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    IMF Issues Reports Under 2019 Article IV Consultation with Lithuania

    July 31, 2019

    IMF published its staff report and selected issues report in context of the 2019 Article IV consultation with Lithuania. IMF Directors noted that macro-prudential policy is being used proactively to prevent systemic risks. Signs that moderate cyclical systemic risks are emerging led the Bank of Lithuania to raise the countercyclical buffer (CCyB) to 1% in mid-2018. The financial system remains sound, liquid, and profitable. Fintech provides big opportunities to improve financial services and produce high-skill jobs, but it also brings challenges, particularly related to anti-money laundering. The authorities’ efforts to promote fintech are already delivering results.

    The staff report highlights that the financial system remains profitable, well-capitalized, and liquid, with no signs of emerging imbalances. Financial soundness indicators are strong while capital adequacy ratios continue to exceed requirements. The composition of the loan portfolio has increasingly shifted toward mortgages. The favorable economic conditions have contributed to further improving asset quality, with nonperforming loans remaining below the EU average. High profitability is the evidence of bank efficiency being among the highest in EU. Nonetheless, spillovers from real-estate-related vulnerabilities in the Nordic parent banks remain a potential risk. These vulnerabilities improved in 2018, as the housing prices stabilized and the Swedish authorities implemented new mortgage-related macro-prudential policies and increased CCyB. There is a concern that the high concentration in the banking system may be hindering competition. At the end of 2018, seven banks and nine foreign branches were operating, with the three largest banks accounting for 84% of system assets. This level of concentration is relatively high for Europe, albeit not for some small economies similar to Lithuania.

    Macro-prudential policy is being used proactively to address systemic risks. The Bank of Lithuania (BoL) has sole responsibility for, and a broad set of, countercyclical, sectoral, and liquidity macro-prudential instruments to tackle a variety of shocks and has been proactively using them. Most banks have large and rising liquidity buffers, given the high deposit growth. The pace of corporate loan growth has moderated but the growth in mortgages remains relatively high. Banks, households, and non-financial corporates have become less vulnerable and more resilient to shocks through deleveraging. Cross-sectoral exposures have also decreased, reducing contagion risks. The authorities have been proactive in developing a fintech industry. With an innovation-friendly business environment, good and improving ease-of-doing-business and technological infrastructure, Lithuania is placing itself as an attractive host of fintech platforms. In 2018, out of the 170 fintech companies operating in Lithuania, 74 were payment service providers, 45 were in lending and banking business, and 18 in blockchain. The authorities are taking a number of steps to facilitate the development of fintech, including the following:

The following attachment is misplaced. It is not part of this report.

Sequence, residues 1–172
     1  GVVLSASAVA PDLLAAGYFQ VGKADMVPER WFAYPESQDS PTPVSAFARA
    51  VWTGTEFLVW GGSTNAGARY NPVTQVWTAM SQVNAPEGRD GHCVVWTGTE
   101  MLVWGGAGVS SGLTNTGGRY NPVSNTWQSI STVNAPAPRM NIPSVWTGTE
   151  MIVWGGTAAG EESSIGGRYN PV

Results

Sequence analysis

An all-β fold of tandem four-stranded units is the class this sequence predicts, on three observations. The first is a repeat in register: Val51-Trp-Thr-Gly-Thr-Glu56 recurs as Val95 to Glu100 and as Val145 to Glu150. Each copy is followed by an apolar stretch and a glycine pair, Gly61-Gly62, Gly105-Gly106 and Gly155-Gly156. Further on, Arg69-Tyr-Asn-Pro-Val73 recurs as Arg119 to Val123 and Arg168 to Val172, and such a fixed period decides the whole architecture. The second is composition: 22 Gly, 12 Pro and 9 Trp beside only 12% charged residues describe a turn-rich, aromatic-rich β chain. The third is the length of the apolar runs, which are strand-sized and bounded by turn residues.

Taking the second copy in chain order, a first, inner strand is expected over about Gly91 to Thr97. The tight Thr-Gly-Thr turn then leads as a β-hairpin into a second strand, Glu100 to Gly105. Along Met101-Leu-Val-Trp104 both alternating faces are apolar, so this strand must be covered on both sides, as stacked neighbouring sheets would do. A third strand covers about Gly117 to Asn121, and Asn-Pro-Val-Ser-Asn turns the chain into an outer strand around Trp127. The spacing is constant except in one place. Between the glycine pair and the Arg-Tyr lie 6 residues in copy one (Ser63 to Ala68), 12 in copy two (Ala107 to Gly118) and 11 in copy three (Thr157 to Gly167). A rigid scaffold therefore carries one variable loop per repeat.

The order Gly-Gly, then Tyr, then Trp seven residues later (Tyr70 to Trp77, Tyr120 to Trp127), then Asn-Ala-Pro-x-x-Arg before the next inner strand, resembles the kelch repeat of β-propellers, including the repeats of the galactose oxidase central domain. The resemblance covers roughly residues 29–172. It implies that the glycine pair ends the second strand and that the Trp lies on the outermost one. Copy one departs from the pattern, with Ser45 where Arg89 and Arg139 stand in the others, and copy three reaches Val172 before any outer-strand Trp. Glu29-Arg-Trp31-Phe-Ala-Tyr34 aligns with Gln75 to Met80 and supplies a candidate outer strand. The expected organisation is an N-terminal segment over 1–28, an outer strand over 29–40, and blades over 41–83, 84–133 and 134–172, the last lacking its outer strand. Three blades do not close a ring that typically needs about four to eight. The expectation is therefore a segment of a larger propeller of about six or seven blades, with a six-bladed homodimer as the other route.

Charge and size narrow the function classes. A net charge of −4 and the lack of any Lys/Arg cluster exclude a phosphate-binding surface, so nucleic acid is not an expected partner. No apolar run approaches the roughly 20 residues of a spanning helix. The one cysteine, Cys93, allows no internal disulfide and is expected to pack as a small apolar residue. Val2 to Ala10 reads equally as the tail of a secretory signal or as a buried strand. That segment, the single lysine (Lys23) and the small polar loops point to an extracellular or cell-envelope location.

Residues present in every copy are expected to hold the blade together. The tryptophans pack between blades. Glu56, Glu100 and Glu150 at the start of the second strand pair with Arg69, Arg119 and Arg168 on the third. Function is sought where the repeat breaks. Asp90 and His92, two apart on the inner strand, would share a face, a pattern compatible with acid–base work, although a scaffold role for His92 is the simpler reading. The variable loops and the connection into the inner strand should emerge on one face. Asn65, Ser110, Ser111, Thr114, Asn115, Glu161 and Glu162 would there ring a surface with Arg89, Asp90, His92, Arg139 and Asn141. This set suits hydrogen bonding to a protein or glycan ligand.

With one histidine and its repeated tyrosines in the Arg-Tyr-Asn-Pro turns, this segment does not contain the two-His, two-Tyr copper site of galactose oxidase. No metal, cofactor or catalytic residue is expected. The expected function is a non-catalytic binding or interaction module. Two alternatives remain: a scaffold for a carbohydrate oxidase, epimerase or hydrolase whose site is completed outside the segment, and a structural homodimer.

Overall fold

• Providing licenses to fintech companies. In addition to e-money and payment services licenses, the authorities introduced the concept of a “specialized bank” in 2017, with similar functions as a brick-and-mortar bank, but with lower initial capital requirements. In addition, through the 2016 law on crowdfunding, they support the creation of advisory and investment services.
    • Supporting the infrastructure for payment services. BoL provides low-service-fees access to the Single Euro Payments Area.
    • Fostering innovation through a regulatory sandbox. This allows market participants to test financial innovations in a real environment for a limited time. Moreover, BoL is creating a blockchain sandbox and promoting open banking.
    • Reducing red tape through simplified procedures for establishing fintech companies.

    Going forward, increased competition is expected in the financial sector, particularly from fintech platforms. Competition is also expected to increase from fintech companies, particularly on payment services, albeit there is also activity on lending and advisory services. The BoL has issued four specialized banking licenses over the last year. Lithuanian banks are increasingly concentrating their business on traditional banking for residents while fintech companies are likely to focus on nonresidents, given the access to the entire EU market and the small size of the Lithuanian market.

     

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    Keywords: Europe, Lithuania, Banking, Article IV, Systemic Risk, CCyB, Fintech, Macro-Prudential, Bank of Lithuania, IMF

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